EXCLUSIVE: F1 heading for eastern revolution as new team emerges from Romania

Forza Rossa aiming to race in 2015, as super-rich investors from Eastern Europe increase interest

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The Independent Online

Formula One could be about to see an era of mass investment from eastern Europe’s growing number of billionaires, with the news that a team from Romania will be joining the sport over the next two years.

The arrival of Forza Rossa, revealed in documents filed at London’s High Court, confirms what many had long suspected: that it was only a matter of time before the sport attracted the attention of eastern Europe’s super-rich.

The new team is the third stage of the sport’s drive into that part of the world, following the inaugural Russian Grand Prix earlier this month and the recent decision to host a race from 2016 in the oil-rich country of Azerbaijan.

It will also help to fill Formula One’s ranks, which have been under increasing threat over the past week after two of its worst performers, Caterham and Marussia, have collapsed into administration and will miss this weekend’s United States Grand Prix in Texas.

Romania has racing heritage as a round of the GT sportscar championship was held on the streets of its capital Bucharest in 2007 and 2008. The country does not have a Formula One race but Forza Rossa could be the springboard for one as it was in India, which hosted its first grand prix in 2011, three years after the debut of the Force India team.

Government investment is crucial to hosting a grand prix and Forza Rossa comes well-equipped as the project is led by Ion Bazac, a former Romanian health minister. The team have long been rumoured to be interested in joining the sport but until now there has been no confirmation it has got the green light.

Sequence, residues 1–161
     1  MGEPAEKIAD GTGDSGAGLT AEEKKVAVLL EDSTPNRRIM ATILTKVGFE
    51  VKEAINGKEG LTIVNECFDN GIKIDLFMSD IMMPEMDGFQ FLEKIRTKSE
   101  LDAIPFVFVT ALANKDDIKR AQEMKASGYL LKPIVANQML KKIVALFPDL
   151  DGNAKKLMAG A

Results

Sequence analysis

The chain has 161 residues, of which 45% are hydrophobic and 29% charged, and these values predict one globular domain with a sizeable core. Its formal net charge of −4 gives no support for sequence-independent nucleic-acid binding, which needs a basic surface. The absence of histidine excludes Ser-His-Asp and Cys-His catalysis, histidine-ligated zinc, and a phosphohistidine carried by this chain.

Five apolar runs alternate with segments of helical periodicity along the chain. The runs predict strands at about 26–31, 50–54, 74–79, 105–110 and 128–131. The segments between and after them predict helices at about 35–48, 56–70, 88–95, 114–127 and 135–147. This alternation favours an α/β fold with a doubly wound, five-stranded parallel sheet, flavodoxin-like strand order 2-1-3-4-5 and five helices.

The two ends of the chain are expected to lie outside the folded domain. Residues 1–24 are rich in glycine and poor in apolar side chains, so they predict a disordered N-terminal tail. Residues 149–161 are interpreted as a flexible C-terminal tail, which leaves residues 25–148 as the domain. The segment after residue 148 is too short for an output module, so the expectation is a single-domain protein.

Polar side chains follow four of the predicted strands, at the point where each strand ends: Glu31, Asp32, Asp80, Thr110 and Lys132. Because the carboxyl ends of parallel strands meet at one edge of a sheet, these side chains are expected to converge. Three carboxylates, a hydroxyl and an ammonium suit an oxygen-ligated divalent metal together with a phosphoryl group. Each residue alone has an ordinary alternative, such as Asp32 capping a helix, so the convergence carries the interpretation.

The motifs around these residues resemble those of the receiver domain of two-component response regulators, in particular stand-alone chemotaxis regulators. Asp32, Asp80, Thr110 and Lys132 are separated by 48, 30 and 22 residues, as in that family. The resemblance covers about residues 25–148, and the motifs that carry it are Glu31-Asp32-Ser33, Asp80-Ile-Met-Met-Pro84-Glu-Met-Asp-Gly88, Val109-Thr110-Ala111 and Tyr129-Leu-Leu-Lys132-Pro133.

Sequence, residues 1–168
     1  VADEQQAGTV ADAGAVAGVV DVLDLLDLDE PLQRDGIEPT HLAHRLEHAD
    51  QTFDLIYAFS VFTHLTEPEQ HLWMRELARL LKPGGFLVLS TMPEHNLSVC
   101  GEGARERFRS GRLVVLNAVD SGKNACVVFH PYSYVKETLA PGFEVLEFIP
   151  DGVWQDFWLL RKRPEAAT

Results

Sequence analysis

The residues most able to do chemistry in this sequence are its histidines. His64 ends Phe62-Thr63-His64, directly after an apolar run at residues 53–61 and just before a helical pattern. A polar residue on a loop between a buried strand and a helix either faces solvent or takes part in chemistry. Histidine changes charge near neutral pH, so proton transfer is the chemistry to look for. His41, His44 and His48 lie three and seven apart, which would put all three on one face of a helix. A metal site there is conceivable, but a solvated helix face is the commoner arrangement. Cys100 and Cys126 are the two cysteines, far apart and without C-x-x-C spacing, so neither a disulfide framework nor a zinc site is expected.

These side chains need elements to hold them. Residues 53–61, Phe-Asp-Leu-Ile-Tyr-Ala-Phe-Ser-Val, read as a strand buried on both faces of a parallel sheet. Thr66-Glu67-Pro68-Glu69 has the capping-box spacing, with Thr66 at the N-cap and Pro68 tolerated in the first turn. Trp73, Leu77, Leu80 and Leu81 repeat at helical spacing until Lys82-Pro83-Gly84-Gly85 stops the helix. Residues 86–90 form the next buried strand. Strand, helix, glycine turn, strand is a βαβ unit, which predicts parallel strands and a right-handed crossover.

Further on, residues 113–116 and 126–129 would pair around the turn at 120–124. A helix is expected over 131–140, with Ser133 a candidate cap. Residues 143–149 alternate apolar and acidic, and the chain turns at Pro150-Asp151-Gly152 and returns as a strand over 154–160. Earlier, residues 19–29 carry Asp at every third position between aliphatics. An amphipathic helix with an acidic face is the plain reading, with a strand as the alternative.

This comes in sworn testimony from Constantin Cojocar, a former professional footballer for Steaua Bucharest, who last month bought Caterham Sports, which designs and builds cars for Caterham. Last week Caterham Sports and the team’s operating company, 1Malaysia Racing Team (1MRT), were put into the hands of administrators and Cojocar’s witness statement, which was filed during the court proceedings, lifts the lid on Forza Rossa’s plans.


“Early in 2014, a Romanian team called FRR Formula 1 Team [Forza Rossa] formed the intention of entering Formula 1. The project is led by a Mr Ion Bazac, a former Romanian health minister. In June 2014, Forza Rossa received a letter of intent from the FIA [the governing body for the sport], allowing it to enter Formula 1 in the next two years. Forza Rossa hopes to race in the 2015 season, but time to prepare is running short.”

In his statement Cojocar says that he bought Caterham Sports with the intention of it designing and building cars for Caterham and Forza Rossa.

Cojocar says his Romanian investors were due to provide £2m per week, which was to be used to pay the creditors of Caterham Sports, and save it from collapsing.

“Unfortunately, the money promised to me by my backers has not arrived,” he said, adding: “I understand that Forza Rossa is looking at other possible arrangements for 2015 and I have found it very difficult to contact my backers in Romania.”

The lack of funds led to bills not being paid by Caterham Sports and earlier this month bailiffs seized equipment, including a simulator and steering wheels, from its factory after it failed to abide by a court ruling to settle £750,000 of unpaid bills.

Cojocar added that “the difficulties caused by not receiving the funds promised to me have led me to the conclusion that I have no choice but to request that the company is put into administration”.